" It is settled position of law that the delay by itself is not an absolute bar in exercise of the writ jurisdiction under Article 226 of the Constitution. The Court may refuse to exercise the Writ Jurisdiction where the petitioner is found guilty of unexplained delay and laches. In a petition for certiorari where the allegation may show that the impugned action is manifestly erroneous and without jurisdiction or the result of colourable exercise of jurisdiction, the Court would be loath to reject the petition simply on the ground of delay. Once the jurisdiction is exercised under Art.226 of the Constitution of India, the Appellate Court may not be justified to reject the claim of the petitioner in exercise of the Appellate powers on the ground of delay alone in approaching the Court. It is true that normally the Court would not intervene when the delay is not properly explained. But, if the delay is condoned specifically or impliedly, the exercise of such a discretion may not normally be interfered with in Appeal unless cogent reasons and specified prejudice is shown so have been ensued by exercise of such a jurisdiction"

In the instant case also, who is the relief of writ of certiorari is claimed and the allegations show that the impugned action is a result of colourable exercise of jurisdiction and is vitiated by legal mala fides, which allegations are supported by the findings already given in the earlier writ proceedings in the above decision of the Supreme Court, we feel that the Learned Single Judge was justified in refusing to reject the writ petitions merely on the ground of delay and paches. Further as reasons given by the Land-Owners for the delay in approaching the Court are found to reasonable, the Learned Single Judge exercised the discretion and we do not find any sufficient grounds to interfere with the exercise of such a discretion.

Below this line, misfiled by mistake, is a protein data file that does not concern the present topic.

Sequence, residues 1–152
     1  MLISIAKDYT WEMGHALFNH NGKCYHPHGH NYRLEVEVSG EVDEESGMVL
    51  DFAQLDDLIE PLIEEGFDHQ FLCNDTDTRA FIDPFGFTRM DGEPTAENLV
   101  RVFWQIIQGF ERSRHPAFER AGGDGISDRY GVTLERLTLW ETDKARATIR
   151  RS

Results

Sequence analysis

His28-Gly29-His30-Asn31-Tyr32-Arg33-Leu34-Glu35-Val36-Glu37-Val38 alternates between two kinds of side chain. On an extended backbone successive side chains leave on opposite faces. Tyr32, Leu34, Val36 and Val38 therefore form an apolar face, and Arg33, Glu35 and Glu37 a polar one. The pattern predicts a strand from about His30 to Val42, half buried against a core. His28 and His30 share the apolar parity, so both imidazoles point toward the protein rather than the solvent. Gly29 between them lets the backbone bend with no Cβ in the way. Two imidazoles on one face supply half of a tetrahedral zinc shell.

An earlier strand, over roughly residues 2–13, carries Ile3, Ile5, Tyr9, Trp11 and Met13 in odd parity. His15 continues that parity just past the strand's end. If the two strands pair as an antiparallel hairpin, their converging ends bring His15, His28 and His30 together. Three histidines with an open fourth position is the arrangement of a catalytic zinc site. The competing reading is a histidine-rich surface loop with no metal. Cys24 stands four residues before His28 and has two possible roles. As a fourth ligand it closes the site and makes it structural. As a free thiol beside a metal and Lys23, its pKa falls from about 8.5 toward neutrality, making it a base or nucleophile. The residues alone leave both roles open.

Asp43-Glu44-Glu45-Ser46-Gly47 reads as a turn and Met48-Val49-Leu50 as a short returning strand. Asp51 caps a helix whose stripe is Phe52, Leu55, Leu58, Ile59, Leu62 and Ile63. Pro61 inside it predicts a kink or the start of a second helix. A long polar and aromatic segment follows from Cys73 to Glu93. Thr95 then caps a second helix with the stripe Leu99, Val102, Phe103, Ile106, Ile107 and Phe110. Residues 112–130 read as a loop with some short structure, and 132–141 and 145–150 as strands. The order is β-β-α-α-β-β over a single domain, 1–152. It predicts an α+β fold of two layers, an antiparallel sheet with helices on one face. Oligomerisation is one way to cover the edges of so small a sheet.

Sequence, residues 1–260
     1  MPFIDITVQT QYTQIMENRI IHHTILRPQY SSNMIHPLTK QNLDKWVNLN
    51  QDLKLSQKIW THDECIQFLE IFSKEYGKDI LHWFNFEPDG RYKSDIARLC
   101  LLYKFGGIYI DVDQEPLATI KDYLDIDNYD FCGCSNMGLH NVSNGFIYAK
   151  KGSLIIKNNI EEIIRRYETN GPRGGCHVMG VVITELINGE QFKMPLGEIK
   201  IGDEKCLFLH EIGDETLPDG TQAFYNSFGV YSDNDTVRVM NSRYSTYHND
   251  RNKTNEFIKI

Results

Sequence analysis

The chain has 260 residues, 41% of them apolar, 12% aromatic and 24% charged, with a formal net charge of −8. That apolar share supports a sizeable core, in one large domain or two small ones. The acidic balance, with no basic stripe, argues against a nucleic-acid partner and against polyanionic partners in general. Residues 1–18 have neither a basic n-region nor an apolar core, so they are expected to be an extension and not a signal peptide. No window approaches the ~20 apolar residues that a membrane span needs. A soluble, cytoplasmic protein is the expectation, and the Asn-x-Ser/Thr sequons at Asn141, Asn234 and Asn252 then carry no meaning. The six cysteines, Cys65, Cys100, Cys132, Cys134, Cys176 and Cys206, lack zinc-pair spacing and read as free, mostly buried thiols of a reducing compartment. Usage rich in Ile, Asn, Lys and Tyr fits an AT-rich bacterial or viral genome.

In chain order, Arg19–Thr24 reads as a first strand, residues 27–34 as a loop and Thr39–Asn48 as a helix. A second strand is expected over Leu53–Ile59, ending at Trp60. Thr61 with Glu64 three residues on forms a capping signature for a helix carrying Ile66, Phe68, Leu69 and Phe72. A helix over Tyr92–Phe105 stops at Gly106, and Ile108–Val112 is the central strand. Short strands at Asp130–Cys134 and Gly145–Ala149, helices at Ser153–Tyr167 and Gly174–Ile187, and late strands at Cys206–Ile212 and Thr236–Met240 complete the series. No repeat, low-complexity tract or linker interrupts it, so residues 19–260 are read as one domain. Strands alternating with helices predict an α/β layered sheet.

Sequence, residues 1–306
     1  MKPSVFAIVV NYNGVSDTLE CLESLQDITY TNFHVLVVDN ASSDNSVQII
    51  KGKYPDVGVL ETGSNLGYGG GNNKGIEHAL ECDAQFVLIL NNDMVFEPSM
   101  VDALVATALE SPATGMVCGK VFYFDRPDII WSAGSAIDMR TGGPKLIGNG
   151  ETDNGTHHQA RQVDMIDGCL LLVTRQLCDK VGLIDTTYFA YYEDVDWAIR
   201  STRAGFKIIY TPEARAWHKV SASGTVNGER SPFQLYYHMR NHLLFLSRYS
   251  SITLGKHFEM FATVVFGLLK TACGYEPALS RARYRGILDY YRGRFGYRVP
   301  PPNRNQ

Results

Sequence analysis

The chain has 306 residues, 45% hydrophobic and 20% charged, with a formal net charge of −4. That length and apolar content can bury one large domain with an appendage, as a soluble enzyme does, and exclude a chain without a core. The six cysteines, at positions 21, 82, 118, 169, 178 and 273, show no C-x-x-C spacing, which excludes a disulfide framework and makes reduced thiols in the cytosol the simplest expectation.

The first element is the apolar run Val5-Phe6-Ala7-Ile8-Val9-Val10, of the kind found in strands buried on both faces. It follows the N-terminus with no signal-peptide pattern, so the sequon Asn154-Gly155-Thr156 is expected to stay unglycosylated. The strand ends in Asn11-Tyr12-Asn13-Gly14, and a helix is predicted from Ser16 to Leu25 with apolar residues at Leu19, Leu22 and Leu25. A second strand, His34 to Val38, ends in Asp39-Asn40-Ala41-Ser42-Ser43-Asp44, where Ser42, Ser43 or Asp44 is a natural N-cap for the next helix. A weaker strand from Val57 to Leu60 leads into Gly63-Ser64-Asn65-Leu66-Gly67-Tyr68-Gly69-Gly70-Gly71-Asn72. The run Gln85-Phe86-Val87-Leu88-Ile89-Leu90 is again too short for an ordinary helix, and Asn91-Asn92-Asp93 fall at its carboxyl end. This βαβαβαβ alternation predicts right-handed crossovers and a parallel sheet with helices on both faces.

10) The next contention urged by the Learned Counsel for the appellant that the WP's ought to have been dismissed by Learned Single Judge as not maintainable on account of the fact that the land owners in the present proceedings have consented for passing of the Award by the Land Acquisition Officer & have received the compensation amount for their lands acquired cannot be accepted, as it is found that in the entire proceedings as well as in the Award it was the Middleman Sri. K. M. Rangadhama Setty, who participated in the proceedings & received the compensation by giving his consent on behalf of the land owners for passing the consent Award on taking a General Power of Attorney from them. When it is found that the Acquisition of the

Lands is not for any "Public Purpose" and the members of the appellant Society for whose favour the lands have been acquired are bogus members, the validity of the Acquisition proceedings cannot be upheld merely because the land owners have given their consent for passing the Award and received the compensation amount without the knowledge of the fact that the appellant Society was a bogus Society at that time. On the other hand the directions given by the Supreme Court in the earlier decision to the Housing Societies and the concerned Authorities of the Government to restore possession of the acquired lands to the land owners subject to the refund of the compensation amount received by them to the SLAO... are to be extended in the present cases also, as the appellant Society is also found to be one of the bogus Housing Societies to which the directions were given by the Supreme Court quashing the acquisition proceedings. So, we do not find any meritin the above contention of the counsel for the appellant.